The 2019-20 winter season has delivered limited amounts of cold weather in Louisiana. As a result, the likelihood of stink bug infestations in soybean fields may increase in 2020.
Temperatures at 32 degrees for a week or 23 degrees over a four- to seven-hour period are required to reduce redbanded stink bug (RBSB) overwintering populations.
This winter has seen very few hours at those temperatures. During unusually cold winters – such as in 2010, 2014 and 2018 – RBSB did not survive, and populations infesting soybean in those growing seasons were reduced. After a warmer winter, higher populations of RBSB may successfully overwinter.
When they do overwinter, RBSB survive by feeding on alternative hosts, such as crimson clover and other legumes. There are often mixes in cover crops, and timely burndown is key to reducing stink bug food resources.
Limited amounts of cold weather greatly increase the growth and development of alternative hosts, providing abundant food sources for RBSBs, leading to large increases in populations in early spring.
When They Do Survive
If stink bugs are present in the field during early vegetative growth, they may feed on leaves in the lower canopy. Injury from v-stage feeding is minimal and soybean plants will often grow out of any injury sustained early season.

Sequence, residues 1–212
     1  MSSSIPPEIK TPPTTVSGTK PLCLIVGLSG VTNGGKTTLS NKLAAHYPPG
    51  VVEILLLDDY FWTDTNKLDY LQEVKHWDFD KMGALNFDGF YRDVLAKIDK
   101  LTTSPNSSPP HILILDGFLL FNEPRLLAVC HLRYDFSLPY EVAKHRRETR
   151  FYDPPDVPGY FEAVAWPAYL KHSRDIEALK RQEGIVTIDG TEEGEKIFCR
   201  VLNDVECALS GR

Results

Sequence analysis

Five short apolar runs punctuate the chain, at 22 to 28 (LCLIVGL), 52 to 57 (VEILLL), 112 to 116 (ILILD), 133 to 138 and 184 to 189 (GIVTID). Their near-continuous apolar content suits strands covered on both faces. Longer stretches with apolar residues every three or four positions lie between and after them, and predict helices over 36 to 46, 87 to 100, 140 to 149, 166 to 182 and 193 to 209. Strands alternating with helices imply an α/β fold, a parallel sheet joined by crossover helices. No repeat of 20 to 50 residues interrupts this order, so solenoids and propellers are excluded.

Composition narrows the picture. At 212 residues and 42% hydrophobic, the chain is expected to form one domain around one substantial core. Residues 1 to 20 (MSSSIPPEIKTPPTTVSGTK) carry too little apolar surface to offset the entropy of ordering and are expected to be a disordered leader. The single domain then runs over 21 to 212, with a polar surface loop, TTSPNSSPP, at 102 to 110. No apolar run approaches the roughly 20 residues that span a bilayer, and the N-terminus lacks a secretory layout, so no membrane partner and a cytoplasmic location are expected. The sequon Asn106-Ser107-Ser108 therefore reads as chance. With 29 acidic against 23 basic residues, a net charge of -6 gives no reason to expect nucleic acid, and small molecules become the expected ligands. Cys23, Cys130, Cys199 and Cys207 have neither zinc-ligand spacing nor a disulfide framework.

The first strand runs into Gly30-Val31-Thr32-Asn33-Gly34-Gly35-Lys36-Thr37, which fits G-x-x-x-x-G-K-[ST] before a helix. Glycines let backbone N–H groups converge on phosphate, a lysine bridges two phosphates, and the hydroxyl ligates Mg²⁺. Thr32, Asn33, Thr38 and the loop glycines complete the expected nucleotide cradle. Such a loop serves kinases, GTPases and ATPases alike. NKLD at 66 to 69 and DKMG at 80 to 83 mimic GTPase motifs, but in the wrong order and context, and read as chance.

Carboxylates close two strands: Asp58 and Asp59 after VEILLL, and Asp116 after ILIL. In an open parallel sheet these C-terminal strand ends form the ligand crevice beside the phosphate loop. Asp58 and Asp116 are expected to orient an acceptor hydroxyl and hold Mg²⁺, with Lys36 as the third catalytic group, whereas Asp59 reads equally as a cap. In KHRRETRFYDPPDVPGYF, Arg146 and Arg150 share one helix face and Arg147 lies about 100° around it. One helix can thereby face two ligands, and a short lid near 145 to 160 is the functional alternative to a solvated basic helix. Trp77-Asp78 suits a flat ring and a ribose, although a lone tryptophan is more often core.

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If large early-season populations of RBSB are left unchecked, they can potentially increase to economically damaging levels sooner and will be harder to control as the canopy closes.
RBSBs are an annual threat to Louisiana soybeans, and producers may experience larger-than-normal RBSB populations this year.
What To Do
Managing RBSBs requires an integrated approach. Selecting cover crops that do not include legumes, such as crimson clover and eliminating alternative legume hosts surrounding field edges may help reduce early-season population numbers.
Planting soybeans early within the LSU AgCenter’s recommended planting window also may help lessen the number of later season stink bug applications. Utilizing thresholds and rotating insecticide modes of action help mitigate resistance and aid in application decision making.
The LSU AgCenter threshold for RBSB is four 4 per 25 sweeps. Producers should budget three to five applications for RBSB, with late-planted varieties in southern parishes potentially requiring more.